OP will need to decide, as offers come in, whether the difference in training in these locations is truly worth the move and the inconvenience to his spouse. Obviously, if the only opportunities he gets are in these far away places, well that's better than not matching and I'm almost positive his wife would understand. I think she would have a harder time understanding why they need to go so far for him to become an XYZ doctor when he could just as easily do the same thing closer to home.
     
  21. calvnandhobbs68

    calvnandhobbs68 I KNOW NOTHING
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    Having a similar situation with the gf right now too. We basically just went through a bunch of programs on FREIDA, I told her the ones I was planning on applying to and she agreed with basically all of them. I agree that having the discussion post-interview is much more important as you''ll know which programs you liked by then and you'll both know which ones you actually have a shot at.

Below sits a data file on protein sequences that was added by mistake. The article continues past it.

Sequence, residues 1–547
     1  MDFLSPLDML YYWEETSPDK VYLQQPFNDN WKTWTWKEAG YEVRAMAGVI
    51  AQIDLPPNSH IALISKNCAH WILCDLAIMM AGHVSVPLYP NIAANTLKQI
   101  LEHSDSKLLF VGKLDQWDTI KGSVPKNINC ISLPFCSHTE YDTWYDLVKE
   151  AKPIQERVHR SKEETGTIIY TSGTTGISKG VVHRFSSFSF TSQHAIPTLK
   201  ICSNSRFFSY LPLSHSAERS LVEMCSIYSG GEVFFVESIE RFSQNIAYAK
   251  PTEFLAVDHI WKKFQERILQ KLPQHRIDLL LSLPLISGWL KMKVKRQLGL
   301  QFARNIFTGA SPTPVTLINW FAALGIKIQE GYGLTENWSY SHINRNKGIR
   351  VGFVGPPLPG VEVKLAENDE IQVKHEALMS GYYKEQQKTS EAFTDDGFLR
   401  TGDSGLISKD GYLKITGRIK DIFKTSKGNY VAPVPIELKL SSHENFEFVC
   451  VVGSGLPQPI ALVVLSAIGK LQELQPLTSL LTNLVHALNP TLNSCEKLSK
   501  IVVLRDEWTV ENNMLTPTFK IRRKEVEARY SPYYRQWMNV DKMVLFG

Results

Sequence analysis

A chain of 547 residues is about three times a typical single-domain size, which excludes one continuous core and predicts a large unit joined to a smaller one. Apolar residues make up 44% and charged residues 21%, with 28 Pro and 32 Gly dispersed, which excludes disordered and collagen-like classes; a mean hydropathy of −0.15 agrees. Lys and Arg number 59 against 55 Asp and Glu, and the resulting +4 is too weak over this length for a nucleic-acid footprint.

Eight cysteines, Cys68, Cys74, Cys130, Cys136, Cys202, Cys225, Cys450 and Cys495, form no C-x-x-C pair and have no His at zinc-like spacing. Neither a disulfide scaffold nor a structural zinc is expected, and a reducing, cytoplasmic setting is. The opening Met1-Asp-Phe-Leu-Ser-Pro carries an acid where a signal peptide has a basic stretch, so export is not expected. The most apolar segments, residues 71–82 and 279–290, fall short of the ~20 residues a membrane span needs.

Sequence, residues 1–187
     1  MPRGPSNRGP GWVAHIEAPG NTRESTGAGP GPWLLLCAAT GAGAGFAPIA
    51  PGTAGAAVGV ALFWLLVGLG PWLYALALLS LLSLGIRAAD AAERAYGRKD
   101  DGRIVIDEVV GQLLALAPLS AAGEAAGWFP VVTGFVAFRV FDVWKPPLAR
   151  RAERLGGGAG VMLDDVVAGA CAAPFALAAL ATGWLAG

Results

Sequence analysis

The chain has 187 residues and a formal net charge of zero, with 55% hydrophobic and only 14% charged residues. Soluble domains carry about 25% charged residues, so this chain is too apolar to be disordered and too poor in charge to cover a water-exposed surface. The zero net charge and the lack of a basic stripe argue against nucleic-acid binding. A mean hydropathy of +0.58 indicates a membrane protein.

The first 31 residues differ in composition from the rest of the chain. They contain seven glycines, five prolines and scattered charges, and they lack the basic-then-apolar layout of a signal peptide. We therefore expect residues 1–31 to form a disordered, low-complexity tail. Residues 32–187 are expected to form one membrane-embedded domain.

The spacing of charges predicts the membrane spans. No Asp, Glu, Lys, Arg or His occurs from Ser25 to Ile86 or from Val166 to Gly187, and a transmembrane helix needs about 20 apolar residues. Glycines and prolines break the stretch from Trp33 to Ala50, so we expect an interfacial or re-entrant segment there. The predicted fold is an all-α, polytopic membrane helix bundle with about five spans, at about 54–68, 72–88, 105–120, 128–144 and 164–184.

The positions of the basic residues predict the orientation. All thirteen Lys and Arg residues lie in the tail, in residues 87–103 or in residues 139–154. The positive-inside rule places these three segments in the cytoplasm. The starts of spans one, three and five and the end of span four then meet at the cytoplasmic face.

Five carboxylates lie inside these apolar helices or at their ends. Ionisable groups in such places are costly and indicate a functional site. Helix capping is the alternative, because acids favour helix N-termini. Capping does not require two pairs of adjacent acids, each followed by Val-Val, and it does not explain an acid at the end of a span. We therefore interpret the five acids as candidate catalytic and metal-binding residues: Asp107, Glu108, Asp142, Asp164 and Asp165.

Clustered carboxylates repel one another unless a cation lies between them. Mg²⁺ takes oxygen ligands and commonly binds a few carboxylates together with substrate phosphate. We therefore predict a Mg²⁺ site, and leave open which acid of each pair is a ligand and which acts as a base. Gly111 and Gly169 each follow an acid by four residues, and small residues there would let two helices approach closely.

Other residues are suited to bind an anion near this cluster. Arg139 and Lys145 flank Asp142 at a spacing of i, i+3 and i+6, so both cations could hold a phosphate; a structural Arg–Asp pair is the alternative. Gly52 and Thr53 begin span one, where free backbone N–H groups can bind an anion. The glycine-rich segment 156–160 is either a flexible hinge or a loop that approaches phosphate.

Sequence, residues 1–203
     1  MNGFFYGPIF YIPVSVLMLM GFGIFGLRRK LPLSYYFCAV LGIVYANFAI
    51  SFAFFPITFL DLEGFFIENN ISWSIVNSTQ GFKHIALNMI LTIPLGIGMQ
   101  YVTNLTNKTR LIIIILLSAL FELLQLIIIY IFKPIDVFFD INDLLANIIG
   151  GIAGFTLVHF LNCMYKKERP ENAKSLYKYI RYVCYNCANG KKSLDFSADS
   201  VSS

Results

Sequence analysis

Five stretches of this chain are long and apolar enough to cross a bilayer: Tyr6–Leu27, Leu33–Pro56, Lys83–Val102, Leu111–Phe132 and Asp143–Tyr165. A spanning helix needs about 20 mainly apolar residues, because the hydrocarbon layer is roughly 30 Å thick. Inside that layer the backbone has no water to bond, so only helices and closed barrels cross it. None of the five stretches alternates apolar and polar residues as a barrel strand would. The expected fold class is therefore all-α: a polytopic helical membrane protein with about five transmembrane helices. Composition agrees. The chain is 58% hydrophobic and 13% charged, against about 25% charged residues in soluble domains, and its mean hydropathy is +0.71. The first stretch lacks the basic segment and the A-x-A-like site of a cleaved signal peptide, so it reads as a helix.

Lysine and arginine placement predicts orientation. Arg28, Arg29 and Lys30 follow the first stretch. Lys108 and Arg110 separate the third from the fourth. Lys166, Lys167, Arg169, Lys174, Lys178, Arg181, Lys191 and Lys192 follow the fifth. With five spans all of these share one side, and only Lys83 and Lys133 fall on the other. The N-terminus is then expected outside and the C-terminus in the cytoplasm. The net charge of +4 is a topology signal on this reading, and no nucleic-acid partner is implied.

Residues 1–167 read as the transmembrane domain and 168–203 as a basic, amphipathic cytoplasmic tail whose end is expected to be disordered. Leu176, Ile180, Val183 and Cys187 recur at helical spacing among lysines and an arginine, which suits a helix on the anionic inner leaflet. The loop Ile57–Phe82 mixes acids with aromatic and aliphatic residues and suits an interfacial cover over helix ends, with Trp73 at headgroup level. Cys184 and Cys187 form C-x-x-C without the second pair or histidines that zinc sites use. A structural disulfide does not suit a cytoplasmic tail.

However, I will throw in that it likely depends on what specialty you're applying to. If you're applying to something hyper-competitive like plastics, uro, ortho, ENT, derm, etc. it's only going to hurt you to take programs off your application list. Apply everywhere and tell her it's such a crapshoot that you're just looking for interviews. No need to compromise applications when you're in that situation.